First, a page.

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Diabetes And Liver Disease Diet

Diet For Diabetes & Liver Problems

Diet For Diabetes & Liver Problems

A diet for diabetes and liver problems balances the needs of both conditions effectively. Diabetics need to monitor carbohydrate intake to keep blood sugar levels within range, while those with liver problems needs to reduce the intake of foods that stress the liver, such as protein. Monounsaturated fats and omega-3 fatty acids should also be a part of your diet. If you have diabetes and liver problems, speak to your doctor or health care practitioner about the optimal diet for you. Video of the Day The coexistence of diabetes and liver problems such as non-alcoholic fatty liver disease, cirrhosis and liver failure occurs regularly, according to an article in the March 2007 issue of "Diabetes Care." Recommended diet modifications include reducing caloric intake, as weight loss diminishes fatty liver. A diet high in complex carbohydrates, low in red meat and high in monounsaturated fats, such as the Mediterranean diet, seems to help patients with diabetes and liver problems manage both conditions. While complex carbohydrates, such as sweet potatoes, lentils, brown rice, oatmeal and high-fiber bran cereals, are recommended for patients with diabetes and liver problems, it is important to keep the portions of these types of foods low to avoid spiking blood sugar levels. Eating too many carbohydrates will also lead to a glut in caloric intake and weight gain, which can exacerbate liver problems. As a rule patients with diabetes and liver problems should keep their protein intake low, because a damaged liver will have difficulty processing protein, according to MedlinePlus. A moderate to high intake of monounsaturated fats, such as olive oil, avocado, canola oil and almonds, works well for diabetics with liver problems. Omega-3 fatty acids from cold water fish, such as such Continue reading >>

Type 2 Diabetes And Fatty Liver Disease

Type 2 Diabetes And Fatty Liver Disease

Non-alcoholic fatty liver disease is a group of conditions in which fat builds up in the liver, leading to inflammation of the cells where it is stored and causing the liver to get bigger. It can progress to more serious conditions, including fibrosis and cirrhosis of the liver. Fatty liver disease "is so common. It’s present arguably in a majority of type 2 diabetics,” says Daniel Einhorn, MD, clinical professor of medicine at the University of California, San Diego and the medical director of the Scripps Whittier Diabetes Institute. “None of us thought about it more than about 10 years ago, then all of a sudden we discovered it and see it all the time.” Fatty Liver Disease and Type 2 Diabetes: The Connection Diabetes does not cause fatty liver disease. Instead, the two diseases tend to occur in the same people because the same conditions cause both problems. “So, it’s not the diabetes per se. People with diabetes also have obesity and insulin resistance, and so the fatty liver is thought to be part of that,” Dr. Einhorn explains. Einhorn says that most cases of fatty liver disease do not cause any harm. However, since type 2 diabetes and obesity are so common in the United States, fatty liver disease is now a leading cause of end-stage (fatal) liver disease requiring a liver transplant, along with alcohol abuse and hepatitis. Fatty Liver Disease Diagnosis Fatty liver disease has no symptoms. People who are being treated for diabetes will have liver enzyme tests as part of their routine blood work during medical exams. Ninety-nine percent of the cases of fatty liver disease are detected by this test, says Einhorn. In some cases it will be picked up during the physical exam or in imaging studies, like a computed tomography scan of the abdomen or a liver ul Continue reading >>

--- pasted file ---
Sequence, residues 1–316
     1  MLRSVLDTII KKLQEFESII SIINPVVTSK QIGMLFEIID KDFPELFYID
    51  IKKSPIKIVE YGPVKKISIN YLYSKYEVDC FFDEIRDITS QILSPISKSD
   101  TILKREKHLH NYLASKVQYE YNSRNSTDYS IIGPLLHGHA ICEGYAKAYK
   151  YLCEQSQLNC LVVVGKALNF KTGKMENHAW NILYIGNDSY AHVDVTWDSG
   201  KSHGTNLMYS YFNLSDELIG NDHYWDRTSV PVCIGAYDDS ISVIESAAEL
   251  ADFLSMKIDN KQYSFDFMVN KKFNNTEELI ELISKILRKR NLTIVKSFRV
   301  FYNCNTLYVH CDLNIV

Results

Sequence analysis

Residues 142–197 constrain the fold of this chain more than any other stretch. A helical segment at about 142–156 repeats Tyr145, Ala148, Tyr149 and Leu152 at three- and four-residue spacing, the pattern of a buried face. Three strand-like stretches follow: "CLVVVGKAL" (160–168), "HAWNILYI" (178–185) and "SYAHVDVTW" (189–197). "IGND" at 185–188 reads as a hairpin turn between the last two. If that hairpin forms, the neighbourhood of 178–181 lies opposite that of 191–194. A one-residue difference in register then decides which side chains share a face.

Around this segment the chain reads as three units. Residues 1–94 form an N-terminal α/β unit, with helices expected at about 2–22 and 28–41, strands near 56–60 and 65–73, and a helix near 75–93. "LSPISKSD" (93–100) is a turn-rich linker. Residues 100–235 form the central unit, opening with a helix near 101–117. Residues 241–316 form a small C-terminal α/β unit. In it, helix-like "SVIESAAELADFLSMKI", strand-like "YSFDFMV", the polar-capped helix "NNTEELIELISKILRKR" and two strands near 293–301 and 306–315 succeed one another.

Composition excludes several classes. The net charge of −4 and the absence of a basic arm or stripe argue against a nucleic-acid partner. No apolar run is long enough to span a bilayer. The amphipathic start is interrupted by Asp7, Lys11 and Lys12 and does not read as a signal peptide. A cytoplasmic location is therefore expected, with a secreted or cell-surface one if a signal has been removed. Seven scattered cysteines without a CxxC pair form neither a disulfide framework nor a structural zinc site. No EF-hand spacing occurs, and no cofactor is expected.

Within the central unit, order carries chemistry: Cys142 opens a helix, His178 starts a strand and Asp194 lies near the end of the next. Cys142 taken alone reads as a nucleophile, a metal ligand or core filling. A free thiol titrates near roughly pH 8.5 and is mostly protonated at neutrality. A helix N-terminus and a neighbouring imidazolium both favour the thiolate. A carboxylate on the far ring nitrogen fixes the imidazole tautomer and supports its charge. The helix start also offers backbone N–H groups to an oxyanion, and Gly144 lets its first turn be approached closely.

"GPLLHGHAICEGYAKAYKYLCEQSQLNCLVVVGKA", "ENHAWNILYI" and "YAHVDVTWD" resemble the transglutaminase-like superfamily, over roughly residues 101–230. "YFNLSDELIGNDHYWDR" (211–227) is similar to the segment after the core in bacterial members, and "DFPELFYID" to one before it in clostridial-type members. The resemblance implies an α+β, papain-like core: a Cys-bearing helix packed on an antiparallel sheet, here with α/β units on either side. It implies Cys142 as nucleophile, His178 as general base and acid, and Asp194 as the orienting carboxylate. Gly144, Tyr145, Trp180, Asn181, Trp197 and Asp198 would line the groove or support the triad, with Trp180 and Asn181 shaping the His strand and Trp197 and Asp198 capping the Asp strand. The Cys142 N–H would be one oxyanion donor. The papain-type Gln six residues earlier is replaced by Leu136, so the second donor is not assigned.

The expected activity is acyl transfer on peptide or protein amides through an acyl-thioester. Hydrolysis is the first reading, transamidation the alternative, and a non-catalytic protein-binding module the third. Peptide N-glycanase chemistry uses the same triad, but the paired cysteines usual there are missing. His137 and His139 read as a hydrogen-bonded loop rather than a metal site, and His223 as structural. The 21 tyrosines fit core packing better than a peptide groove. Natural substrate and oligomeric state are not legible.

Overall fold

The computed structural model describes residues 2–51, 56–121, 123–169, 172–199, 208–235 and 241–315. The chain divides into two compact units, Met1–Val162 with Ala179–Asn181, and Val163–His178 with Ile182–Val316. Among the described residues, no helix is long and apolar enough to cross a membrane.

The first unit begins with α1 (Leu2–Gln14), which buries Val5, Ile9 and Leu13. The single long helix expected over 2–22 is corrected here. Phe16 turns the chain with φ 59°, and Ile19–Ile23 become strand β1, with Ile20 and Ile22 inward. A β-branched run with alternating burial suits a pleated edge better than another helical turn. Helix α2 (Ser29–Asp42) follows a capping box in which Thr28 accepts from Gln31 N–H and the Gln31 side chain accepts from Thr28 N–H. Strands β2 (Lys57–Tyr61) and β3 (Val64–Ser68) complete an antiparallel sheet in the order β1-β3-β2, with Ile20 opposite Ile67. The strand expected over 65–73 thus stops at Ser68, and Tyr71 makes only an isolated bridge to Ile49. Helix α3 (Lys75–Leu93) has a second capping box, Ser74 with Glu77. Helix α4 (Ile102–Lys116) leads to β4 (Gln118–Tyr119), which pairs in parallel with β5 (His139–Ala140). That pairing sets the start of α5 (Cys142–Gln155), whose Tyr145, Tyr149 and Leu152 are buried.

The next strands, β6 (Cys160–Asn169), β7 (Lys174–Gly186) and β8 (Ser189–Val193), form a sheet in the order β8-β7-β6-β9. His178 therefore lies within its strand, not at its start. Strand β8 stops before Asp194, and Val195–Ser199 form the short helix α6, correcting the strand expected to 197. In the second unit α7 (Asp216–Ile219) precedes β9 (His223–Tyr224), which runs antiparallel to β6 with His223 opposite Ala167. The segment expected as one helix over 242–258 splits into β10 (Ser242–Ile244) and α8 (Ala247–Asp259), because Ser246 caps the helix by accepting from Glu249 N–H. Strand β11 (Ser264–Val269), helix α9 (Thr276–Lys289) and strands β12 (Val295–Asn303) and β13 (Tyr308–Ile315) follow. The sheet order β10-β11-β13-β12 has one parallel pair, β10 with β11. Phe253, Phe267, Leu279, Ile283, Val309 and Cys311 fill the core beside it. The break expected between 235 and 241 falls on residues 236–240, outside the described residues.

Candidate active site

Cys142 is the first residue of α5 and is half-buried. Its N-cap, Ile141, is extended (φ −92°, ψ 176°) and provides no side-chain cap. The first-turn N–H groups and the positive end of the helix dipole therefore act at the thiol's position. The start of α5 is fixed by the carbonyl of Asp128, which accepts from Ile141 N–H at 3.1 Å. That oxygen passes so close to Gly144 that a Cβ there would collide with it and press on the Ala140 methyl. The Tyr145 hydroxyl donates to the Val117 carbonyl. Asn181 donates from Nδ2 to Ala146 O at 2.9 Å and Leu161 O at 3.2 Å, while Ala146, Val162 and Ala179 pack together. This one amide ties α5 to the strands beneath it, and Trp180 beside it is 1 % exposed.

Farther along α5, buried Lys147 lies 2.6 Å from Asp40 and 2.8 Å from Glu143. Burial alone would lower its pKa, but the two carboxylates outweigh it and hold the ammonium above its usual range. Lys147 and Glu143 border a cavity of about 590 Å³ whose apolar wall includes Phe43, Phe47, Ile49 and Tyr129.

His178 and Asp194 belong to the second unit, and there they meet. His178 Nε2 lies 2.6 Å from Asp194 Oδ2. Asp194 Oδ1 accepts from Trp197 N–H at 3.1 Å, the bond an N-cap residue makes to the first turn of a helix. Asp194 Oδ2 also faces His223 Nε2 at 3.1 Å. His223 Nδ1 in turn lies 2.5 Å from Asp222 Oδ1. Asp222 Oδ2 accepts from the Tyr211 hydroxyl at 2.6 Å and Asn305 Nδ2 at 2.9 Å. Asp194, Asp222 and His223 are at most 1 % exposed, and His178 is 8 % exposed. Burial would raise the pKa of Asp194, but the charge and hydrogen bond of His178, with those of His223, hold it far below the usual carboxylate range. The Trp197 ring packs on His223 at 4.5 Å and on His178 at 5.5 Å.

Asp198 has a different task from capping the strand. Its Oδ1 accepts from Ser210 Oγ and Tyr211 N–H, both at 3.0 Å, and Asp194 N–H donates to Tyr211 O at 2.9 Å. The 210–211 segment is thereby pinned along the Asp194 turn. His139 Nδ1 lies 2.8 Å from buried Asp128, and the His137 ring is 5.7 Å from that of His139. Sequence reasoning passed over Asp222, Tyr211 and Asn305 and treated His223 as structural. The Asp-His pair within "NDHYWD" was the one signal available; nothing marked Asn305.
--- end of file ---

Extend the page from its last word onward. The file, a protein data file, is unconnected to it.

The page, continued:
Cirrhosis

Cirrhosis

On this page: What are the signs and symptoms of cirrhosis? What is cirrhosis? Cirrhosis is a condition in which the liver slowly deteriorates and is unable to function normally due to chronic, or long lasting, injury. Scar tissue replaces healthy liver tissue and partially blocks the flow of blood through the liver. The liver is the body’s largest internal organ. The liver is called the body’s metabolic factory because of the important role it plays in metabolism—the way cells change food into energy after food is digested and absorbed into the blood. The liver has many functions, including taking up, storing, and processing nutrients from food—including fat, sugar, and protein—and delivering them to the rest of the body when needed making new proteins, such as clotting factors and immune factors producing bile, which helps the body absorb fats, cholesterol, and fat-soluble vitamins removing waste products the kidneys cannot remove, such as fats, cholesterol, toxins, and medications A healthy liver is necessary for survival. The liver can regenerate most of its own cells when they become damaged. However, if injury to the liver is too severe or long lasting, regeneration is incomplete, and the liver creates scar tissue. Scarring of the liver, also called fibrosis, may lead to cirrhosis. The buildup of scar tissue that causes cirrhosis is usually a slow and gradual process. In the early stages of cirrhosis, the liver continues to function. However, as cirrhosis gets worse and scar tissue replaces more healthy tissue, the liver will begin to fail. Chronic liver failure, which is also called end-stage liver disease, progresses over months, years, or even decades. With end-stage liver disease, the liver can no longer perform important functions or effectively rep Continue reading >>